An analysis of state vaccination rates from the previous flu season suggest that certain communities may face significant challenges in achieving coronavirus disease 2019 (COVID-19) immunity.
An analysis on flu vaccination rates by state during the 2019-2020 season revealed that it may be very difficult to vaccinate a majority of the country for SARS-CoV-2 to reach sufficient levels of immunity against coronavirus disease 2019 (COVID-19).
“While there are important distinctions between COVID-19 and seasonal flu, including that COVID-19 is much more serious, and the public’s receptivity to a COVID-19 vaccine may differ from that of the flu vaccine, these findings suggest there may be significant challenges to achieving equity in distribution and sufficient levels of immunity in the US with a COVID-19 vaccine,” wrote the authors in the study.
The analysis, conducted by Kaiser Family Foundation (KFF), found that 52% of the overall US population received a flu vaccine during the 2019-2020 season, with vaccination rates ranging from 44% in Nevada to 61% in Rhode Island.
Less than 50% of the population received a flu vaccine in 12 states: Tennessee, Alabama, Louisiana, Texas, Wyoming, Arizona, Georgia, Mississippi, Alaska, Idaho, Florida, and Nevada.
Additionally, every state as well as the District of Columbia had less than 70% of the population vaccinated for the flu, falling short the United States’ Health People 2030 goal. When taking into account race and ethnicity, only the District of Columbia achieved a vaccination rate for White adults above the 70% target (71%).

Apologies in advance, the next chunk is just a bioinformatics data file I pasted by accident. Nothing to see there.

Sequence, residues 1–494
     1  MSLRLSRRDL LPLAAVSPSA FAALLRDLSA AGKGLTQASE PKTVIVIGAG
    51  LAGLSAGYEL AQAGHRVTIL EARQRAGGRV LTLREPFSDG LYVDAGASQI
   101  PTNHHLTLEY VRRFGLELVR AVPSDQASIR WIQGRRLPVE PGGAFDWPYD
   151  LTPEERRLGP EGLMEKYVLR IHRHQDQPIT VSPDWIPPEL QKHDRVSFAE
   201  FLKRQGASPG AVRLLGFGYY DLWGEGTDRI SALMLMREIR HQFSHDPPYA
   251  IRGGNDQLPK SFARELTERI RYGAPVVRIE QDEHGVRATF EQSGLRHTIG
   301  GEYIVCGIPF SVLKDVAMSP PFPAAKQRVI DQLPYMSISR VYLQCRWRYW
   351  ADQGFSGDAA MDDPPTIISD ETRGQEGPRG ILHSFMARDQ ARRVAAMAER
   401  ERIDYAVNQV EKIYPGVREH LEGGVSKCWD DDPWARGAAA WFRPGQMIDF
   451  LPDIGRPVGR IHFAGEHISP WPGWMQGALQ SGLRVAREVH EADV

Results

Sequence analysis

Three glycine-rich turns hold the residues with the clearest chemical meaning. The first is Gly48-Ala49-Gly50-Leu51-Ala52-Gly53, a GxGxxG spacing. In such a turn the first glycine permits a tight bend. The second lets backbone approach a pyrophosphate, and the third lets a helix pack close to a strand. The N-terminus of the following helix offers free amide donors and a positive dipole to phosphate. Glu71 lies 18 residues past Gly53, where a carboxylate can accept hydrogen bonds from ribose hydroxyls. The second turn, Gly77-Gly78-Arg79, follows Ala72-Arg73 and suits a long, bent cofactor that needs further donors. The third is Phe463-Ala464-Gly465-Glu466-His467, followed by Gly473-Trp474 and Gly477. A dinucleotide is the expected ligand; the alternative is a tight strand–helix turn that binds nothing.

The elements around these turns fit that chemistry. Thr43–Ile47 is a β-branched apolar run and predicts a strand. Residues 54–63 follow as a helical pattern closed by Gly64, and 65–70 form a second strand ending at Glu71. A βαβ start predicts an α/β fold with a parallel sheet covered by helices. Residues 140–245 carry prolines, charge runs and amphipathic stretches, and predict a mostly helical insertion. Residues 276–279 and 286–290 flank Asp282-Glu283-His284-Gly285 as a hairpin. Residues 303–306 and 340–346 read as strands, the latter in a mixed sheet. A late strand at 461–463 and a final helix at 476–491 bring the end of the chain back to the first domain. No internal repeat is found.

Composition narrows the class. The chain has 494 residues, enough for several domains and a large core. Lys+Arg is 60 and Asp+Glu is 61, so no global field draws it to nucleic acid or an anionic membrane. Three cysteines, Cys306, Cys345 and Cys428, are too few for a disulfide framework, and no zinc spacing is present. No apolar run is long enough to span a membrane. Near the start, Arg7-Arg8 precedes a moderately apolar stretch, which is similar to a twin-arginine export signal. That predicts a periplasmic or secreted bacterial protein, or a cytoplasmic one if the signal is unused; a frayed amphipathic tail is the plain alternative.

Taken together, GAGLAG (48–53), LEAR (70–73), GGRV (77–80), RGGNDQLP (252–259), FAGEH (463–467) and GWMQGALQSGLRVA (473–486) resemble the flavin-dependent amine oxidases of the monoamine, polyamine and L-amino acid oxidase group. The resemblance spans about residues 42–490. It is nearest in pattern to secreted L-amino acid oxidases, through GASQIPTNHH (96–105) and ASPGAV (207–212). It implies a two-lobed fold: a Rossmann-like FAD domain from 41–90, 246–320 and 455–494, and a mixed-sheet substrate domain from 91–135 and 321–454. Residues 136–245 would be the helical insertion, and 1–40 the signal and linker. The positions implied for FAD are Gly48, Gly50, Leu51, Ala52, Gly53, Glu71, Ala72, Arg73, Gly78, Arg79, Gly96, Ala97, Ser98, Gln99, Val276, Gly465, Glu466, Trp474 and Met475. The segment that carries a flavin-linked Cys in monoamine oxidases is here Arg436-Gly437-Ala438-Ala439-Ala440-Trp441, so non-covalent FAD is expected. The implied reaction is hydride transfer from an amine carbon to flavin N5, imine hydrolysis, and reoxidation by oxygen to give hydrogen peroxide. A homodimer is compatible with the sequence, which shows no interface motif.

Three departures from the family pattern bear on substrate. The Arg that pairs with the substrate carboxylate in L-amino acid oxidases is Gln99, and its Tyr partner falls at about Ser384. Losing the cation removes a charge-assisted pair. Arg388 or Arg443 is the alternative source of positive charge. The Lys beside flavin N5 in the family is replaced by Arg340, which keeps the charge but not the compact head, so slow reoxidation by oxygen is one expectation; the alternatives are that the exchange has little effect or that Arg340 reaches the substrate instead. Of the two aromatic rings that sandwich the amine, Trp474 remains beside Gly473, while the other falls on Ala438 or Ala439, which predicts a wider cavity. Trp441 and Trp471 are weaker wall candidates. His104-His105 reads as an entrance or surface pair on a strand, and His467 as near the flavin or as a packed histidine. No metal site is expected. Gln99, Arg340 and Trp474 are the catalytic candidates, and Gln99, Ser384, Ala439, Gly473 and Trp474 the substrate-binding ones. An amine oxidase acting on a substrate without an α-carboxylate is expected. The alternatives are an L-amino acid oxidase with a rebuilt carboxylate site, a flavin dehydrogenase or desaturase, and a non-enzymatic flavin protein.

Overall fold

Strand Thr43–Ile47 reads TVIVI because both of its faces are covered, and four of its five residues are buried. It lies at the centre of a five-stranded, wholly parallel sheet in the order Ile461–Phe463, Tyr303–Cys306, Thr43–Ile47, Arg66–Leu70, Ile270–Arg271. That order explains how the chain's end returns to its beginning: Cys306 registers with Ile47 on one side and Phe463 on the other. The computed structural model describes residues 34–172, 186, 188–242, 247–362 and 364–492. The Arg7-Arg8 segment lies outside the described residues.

Lower rates of vaccination were recorded among Black, Hispanic, and Indigenous adults compared with White adults, suggesting gaps and racial disparities in vaccine access. The average vaccination rate by race and ethnicity amounted to 46% among Black adults, 47% among Hispanic adults, and 55% among White adults.
Black people had lower rates of vaccinations compared with White counterparts in 36 states. The biggest gaps in rates were in the District of Columbia (44% vs 71%), Nevada (30% vs 47%), Maryland (49% vs 64%), and New Jersey (45% vs 59%). Oklahoma was the only state where Black people had higher rates of flu vaccination than White people (58% vs 54%).
In 40 states, Hispanic people had lower rates of vaccinations compared to White people, with the largest gaps being in Florida (37% vs 50%), Connecticut (54% vs 64%), and Michigan (41% vs 53%). Hispanic people had higher rates than White people in 7 states: Alaska, Arkansas, Louisiana, Mississippi, Montana, New Hampshire, and Wyoming.
The analysis authors noted that, “achieving a high COVID-19 vaccination rate among people of color will be particularly important because they are bearing a heavy, disproportionate burden of the disease, and population immunity is not likely to be reached without high vaccination rates across all communities.”
In the KFF/The Undefeated Survey on Race and Health published in October, only 17% of Black Americans said they would get a vaccine for COVID-19 if it was determined to be safe and free to access, compared with 37% of White Americans. The largest cited reasons were concerns about the vaccine’s safety profile and distrust of the health care system.
In addition to race and ethnicity, age played a part in vaccination rates, with seniors aged 65 and older receiving flu vaccines at a rate of 70%, ranging from 54% in Alaska to 70% in North Carolina. In total, 30 states achieved a 70% or higher rate of vaccination among seniors.
Vaccinations for children aged 6 months to 17 years were vaccinated for the flu at an average rate of 64%, ranging from 52% in Mississippi to 78% in Rhode Island.
Nonelderly adults, encompassing those aged 18 to 64, had an average rate of vaccination of 42%, ranging from 33% in Florida to 52% in Rhode Island, with no states achieving the population target of 70%.
“As states develop COVID-19 vaccination plans, age will likely be a key factor in determining priority groups, due to the increased risk COVID-19 poses for older adults,” noted the authors.
Further, nonelderly adults varied in vaccination rates depending on whether they had an underlying health condition. The average rate for nonelderly adults with an underlying health condition to receive a flu vaccine was 51% (38% to 61%), and 40% (31% to 50%) for those without one.